Place, publisher, year, edition, pages
Stockholm: Department of Mathematics, Stockholm University, 2011. 27 p.
Keyword
Stochastic processes
National Category
Probability Theory and Statistics
Research subject
Mathematical Statistics
Identifiers
urn:nbn:se:su:diva-57949 (URN)978-91-7447-318-6 (ISBN)
Public defence
2011-08-26, sal 14, hus 5, Kräftriket, Roslagsvägen 101, Stockholm, 13:00 (English)
Opponent
Supervisors
Note
At the time of the doctoral defense, the following papers were unpublished and had a status as follows: Paper 2: Submitted. Paper 3: Submitted. Paper 4: Manuscript.Available from: 2011-06-06 Created: 2011-05-24 Last updated: 2011-06-14Bibliographically approved
2. Stochastic epidemic models in heterogeneous communities
Open this publication in new window or tab >>Stochastic epidemic models in heterogeneous communities
2012 (English)Doctoral thesis, comprehensive summary (Other academic)
Abstract [en]

The aim of Paper I is to explain where randomness should be taken into account when modelling epidemic spread, i.e. when a stochastic model is preferable to a deterministic counterpart. Two examples are used to show that the probability of a large outbreak and the initial growth rate of the epidemic are affected by randomness in infectious period and latent period. It follows that the basic reproduction number is sensitive to assumptions about the distributions of the infectious and latent periods when using data from the early stages of an outbreak, which we illustrate with data from the H1N1 influenza A pandemic. In paper II we analyse an open population stochastic epidemic S-I-S model.  That is, individuals in the population move between the states of infectiousness and susceptibility, and enter of leave the population through birth and death. An approximate expression for the outbreak probability is derived using a coupling argument. It is proved that the number of infectives and susceptibles close to quasi-stationarity behaves like an Ornstein-Uhlenbeck process, for an exponentially distributed time before going extinct. In Paper III we analyse an estimator, based on martingale methods, of the Malthusian parameter, which determines the speed of epidemic spread. Asymptotic properties of the estimator are obtained, and compared to the results from simulations. The advantage of the estimator is that it may use any proportion of the information contained in the epidemic curve, in contrast to the more common simpler estimators. In paper IV a social (sexual) network is modeled by an extension of the configuration model to the situation where edges have weights. The aim is to analyse how individual heterogeneity in susceptibility and infectivity affects the basic reproduction number, but also the size and probability of a major outbreak. The main qualitative conclusion is that the basic reproduction number gets larger as the community becomes more heterogeneous.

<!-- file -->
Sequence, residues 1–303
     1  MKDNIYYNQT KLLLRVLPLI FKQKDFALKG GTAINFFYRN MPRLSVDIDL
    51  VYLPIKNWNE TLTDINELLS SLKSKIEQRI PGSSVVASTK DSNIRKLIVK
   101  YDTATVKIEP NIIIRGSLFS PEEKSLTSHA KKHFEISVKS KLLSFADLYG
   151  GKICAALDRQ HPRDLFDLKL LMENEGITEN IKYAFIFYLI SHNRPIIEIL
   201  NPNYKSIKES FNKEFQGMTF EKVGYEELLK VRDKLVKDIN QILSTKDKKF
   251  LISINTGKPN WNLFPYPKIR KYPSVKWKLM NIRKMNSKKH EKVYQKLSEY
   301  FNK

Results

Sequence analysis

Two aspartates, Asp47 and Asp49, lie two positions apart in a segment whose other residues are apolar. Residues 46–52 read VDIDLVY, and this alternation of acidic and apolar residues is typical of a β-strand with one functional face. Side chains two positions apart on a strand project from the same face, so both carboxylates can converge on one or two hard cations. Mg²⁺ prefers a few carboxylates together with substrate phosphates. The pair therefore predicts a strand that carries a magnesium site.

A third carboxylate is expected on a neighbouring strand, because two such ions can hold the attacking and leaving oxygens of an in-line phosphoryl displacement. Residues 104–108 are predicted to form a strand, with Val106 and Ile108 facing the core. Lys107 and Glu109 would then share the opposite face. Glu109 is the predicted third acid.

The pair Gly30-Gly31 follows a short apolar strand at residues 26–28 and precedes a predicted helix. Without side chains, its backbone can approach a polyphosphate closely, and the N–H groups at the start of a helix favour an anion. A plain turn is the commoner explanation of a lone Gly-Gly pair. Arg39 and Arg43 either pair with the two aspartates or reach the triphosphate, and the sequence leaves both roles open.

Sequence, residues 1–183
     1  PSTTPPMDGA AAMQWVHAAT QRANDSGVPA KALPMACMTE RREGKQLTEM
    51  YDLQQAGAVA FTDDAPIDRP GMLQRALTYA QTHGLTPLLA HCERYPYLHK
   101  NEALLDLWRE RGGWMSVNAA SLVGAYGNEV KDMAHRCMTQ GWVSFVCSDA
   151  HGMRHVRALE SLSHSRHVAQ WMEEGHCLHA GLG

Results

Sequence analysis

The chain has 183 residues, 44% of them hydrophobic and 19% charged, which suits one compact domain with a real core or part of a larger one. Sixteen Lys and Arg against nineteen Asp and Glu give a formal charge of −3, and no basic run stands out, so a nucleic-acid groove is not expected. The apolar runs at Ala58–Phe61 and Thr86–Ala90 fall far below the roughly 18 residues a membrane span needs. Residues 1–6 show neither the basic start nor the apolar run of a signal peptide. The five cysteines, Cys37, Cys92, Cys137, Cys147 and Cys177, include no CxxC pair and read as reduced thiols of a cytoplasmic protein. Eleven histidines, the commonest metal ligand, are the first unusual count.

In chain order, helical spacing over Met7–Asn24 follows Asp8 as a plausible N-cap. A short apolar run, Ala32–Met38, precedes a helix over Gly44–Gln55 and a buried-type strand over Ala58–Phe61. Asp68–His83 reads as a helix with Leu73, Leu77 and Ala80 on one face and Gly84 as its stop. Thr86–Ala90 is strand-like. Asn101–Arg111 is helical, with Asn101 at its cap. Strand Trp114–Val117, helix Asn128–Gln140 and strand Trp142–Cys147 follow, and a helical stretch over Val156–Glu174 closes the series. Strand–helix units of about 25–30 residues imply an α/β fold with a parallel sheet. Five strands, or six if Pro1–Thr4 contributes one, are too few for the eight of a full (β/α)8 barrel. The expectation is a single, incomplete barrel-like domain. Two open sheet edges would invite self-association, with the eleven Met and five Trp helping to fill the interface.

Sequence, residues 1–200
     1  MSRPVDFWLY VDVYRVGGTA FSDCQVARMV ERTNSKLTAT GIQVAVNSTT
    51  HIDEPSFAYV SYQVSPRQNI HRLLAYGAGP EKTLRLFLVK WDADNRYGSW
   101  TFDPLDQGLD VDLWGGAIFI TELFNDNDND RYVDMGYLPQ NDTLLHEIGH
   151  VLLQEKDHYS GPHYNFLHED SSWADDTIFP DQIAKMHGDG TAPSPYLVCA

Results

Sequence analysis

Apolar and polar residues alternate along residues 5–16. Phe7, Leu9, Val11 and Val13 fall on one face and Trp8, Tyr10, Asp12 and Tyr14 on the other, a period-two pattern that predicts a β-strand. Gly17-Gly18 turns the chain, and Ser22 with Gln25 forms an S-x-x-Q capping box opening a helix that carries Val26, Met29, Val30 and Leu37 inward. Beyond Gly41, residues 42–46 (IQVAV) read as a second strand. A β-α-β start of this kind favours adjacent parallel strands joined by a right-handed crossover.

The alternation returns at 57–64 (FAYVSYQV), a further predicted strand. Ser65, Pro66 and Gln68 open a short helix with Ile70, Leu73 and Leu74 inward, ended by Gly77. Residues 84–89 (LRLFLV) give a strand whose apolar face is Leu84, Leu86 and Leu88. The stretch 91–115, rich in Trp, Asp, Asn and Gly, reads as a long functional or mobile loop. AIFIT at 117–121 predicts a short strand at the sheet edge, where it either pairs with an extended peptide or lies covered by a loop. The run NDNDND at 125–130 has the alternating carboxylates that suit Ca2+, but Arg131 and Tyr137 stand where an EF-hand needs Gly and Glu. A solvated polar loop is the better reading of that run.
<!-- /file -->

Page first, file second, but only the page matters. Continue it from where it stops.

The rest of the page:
Place, publisher, year, edition, pages
Stockholm: Department of Mathematics, Stockholm University, 2012. 14 p.
National Category
Probability Theory and Statistics
Research subject
Mathematical Statistics
Identifiers
urn:nbn:se:su:diva-70825 (URN)978-91-7447-436-7 (ISBN)
Public defence
2012-02-24, sal 14, hus 5, Kräftriket, Roslagsvägen 101, Stockholm, 10:00 (English)
Opponent
Supervisors
Note
At the time of the doctoral defense, the following papers were unpublished and had a status as follows: Paper 3: Submitted. Paper 4: Submitted.Available from: 2012-02-02 Created: 2012-01-24 Last updated: 2012-01-31Bibliographically approved